“Whatever they want to do, I'm totally behind,” Barnes said at the time. “I'm here for whatever the team needs and I've kind of been like that since I've been here. Whatever direction, whatever they want to do, I’m totally cool with it.”

Barnes, who was penciled in as the starting right tackle before making the move because of preseason injuries to Veldheer and rookie Menelik Watson, would seemingly help shore up the interior. Second-year pro Lucas Nix has struggled mightily at times at left guard.

And while coach Dennis Allen would not commit to the move, citing game-plan issues, offensive coordinator Greg Olson raved about Barnes, the player and the person.

“There is a player to me, talk about an unselfish guy and a team player, that’s Khalif Barnes, and also someone we can count on,” Olson said. “To see him go from right tackle to left tackle and then to volunteer and say, ‘Coach, I’ll go inside, whatever can make us better,’ we’re obviously real happy with not just the way he plays, but his attitude and what he’s brought to us in the leadership role.”

Barnes, according to the Associated Press, has 31 plays at guard in his NFL career, the snaps coming in a backup role for the Raiders in 2010.
ALAMEDA, Calif. -- The plan is still for tackle Jared Veldheer to make his season debut Thursday in Dallas.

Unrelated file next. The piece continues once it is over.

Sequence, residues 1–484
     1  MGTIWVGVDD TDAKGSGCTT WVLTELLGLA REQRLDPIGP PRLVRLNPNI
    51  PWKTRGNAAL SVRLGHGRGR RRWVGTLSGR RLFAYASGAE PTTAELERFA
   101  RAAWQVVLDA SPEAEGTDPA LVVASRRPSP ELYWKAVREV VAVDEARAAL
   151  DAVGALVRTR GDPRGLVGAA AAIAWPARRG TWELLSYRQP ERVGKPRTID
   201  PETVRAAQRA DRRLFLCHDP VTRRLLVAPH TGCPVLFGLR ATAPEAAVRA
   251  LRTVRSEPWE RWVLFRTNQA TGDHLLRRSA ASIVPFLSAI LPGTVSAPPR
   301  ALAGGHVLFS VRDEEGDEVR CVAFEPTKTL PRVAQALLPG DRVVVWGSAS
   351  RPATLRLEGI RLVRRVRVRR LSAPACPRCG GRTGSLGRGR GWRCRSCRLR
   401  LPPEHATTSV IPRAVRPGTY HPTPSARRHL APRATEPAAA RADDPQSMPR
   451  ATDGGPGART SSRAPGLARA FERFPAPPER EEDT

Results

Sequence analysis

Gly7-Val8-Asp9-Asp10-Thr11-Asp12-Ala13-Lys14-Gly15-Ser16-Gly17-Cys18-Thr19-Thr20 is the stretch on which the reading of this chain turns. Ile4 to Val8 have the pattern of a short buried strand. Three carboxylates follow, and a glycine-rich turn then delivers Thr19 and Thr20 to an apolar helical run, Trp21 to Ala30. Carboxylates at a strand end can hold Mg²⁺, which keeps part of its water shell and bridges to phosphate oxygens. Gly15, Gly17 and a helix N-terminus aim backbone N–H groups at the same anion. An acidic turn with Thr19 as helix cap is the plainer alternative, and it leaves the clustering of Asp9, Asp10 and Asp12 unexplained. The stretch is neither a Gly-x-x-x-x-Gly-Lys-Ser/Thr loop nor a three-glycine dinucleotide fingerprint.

What’s in question, though, is how much the left tackle will play for the Oakland Raiders against the Dallas Cowboys having come back from left triceps surgery in training camp.

"Yeah, I don’t know that he’s ready to go in there and play 65, 70 snaps in a game," said coach Dennis Allen. "My anticipation [is] that you’d see him in there in somewhat of a rotational basis, but … I anticipate him playing.

"That was kind of our timeline and kind of our anticipation. We haven’t, as to date, suffered any setbacks. I’ll get a chance to visit with him this afternoon and I anticipate him being ready to go."

Khalif Barnes made the switch from right tackle to the left side after Veldheer and then rookie Menelik Watson were felled by injury. It seems likely that Barnes moves to left guard with Veldheer coming back now, right?

"We'll see,"Allen said.

"We'll have to make some adjustments … game plan-wise, what we think gives us the best five guys out there that gives us the best chance to move the ball and be successful."

The Raiders radio broadcast also reported Sunday "all indications" were that running back Darren McFadden, who has missed the last three games, four overall, would play against the Cowboys.

Allen, though, was less enthusiastic about McFadden and his rehabbing right hamstring.

"I know that Darren, just a little bit ago, was out on the field running and going through a workout," Allen said. "If he does well, then there’s a chance he could be available."

Whither the Raiders' O-line?

October, 21, 2013
ALAMEDA, Calif. -- No unit on the Oakland Raiders' roster needed the rest and relaxation afforded by the bye week more than the offensive line.

Consider that center Stefen Wisniewski (knee), center/left guard Andre Gurode (knee), right tackle Tony Pashos (groin/hip) and left tackle Menelik Watson (calf) were all either out before or knocked out during Oakland's loss at the Kansas City Chiefs last week. And that's not taking into account left tackle Jared Veldheer, who continues to rehab from his left triceps surgery in training camp.